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Session 5 - Education.
Display session, Monday, January 15
North Banquet Hall, Convention Center
This paper reports the successful introduction of a current research problem into the astronomy curriculum for non-science majors. This investigation had two objectives. First, I sought to find out how best to use active, group-oriented learning techniques with large groups of students. Second, I sought to determine whether the involvement of nonscience students in an ongoing research problem would work as a teaching technique. Would it lead to meaningful student interest in the research process? Would students understand what research was as a result?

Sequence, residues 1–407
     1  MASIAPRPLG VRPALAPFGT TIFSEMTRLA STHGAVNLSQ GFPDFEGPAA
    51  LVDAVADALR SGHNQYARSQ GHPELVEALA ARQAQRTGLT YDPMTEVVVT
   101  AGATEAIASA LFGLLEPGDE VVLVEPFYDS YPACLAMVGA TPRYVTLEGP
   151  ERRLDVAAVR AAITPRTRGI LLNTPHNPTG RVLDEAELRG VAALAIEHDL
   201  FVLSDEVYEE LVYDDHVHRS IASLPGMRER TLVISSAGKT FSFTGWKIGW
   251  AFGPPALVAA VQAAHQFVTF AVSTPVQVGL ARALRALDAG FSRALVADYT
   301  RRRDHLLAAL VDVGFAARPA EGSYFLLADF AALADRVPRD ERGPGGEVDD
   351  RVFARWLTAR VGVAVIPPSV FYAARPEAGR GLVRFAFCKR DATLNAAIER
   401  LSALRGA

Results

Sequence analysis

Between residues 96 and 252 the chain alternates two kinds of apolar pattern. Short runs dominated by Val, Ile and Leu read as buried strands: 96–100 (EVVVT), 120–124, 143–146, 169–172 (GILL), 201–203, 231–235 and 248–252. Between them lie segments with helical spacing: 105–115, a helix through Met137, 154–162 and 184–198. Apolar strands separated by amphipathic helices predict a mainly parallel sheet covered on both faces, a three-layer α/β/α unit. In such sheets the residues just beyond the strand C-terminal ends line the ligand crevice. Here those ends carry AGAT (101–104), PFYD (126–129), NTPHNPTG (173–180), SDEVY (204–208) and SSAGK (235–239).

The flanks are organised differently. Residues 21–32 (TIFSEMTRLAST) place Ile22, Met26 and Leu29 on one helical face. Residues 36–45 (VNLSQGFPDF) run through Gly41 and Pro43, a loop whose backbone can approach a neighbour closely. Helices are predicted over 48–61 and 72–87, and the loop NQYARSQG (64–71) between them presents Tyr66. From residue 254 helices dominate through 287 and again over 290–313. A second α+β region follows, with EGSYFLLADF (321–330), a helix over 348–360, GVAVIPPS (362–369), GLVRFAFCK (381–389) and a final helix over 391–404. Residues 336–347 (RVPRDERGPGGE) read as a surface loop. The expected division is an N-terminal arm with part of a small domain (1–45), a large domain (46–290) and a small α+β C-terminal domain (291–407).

The research in question was an EUVE spectroscopic investigation of some ultrasoft EUV sources detected in the EUVE sky survey in 1992. They are interesting because of the possibility that they may be nearby, thermally emitting neutron stars. EUVE spectra of four bright candidates taken in the summer of 1995 revealed no flux. Either these sources are not real or they are very strange objects whose EUVE flux changes by a factor of 10 in a few years. What should be done next to determine what they are? Students were presented with this dilemma and asked to choose between alternative answers (and justify their choice) or pick an answer of their own.
I present samples of student responses, their evaluations of the exercise, and their performance on follow-up exams. The data show that the exercise was well-conducted and worthwhile. I thank many of my 330 students for thoughtful, creative contributions and NASA's EUVE Guest Investigator program (NAG 5-2365), the Delaware Department of Public Instruction, and the National Science Foundation for financial support.
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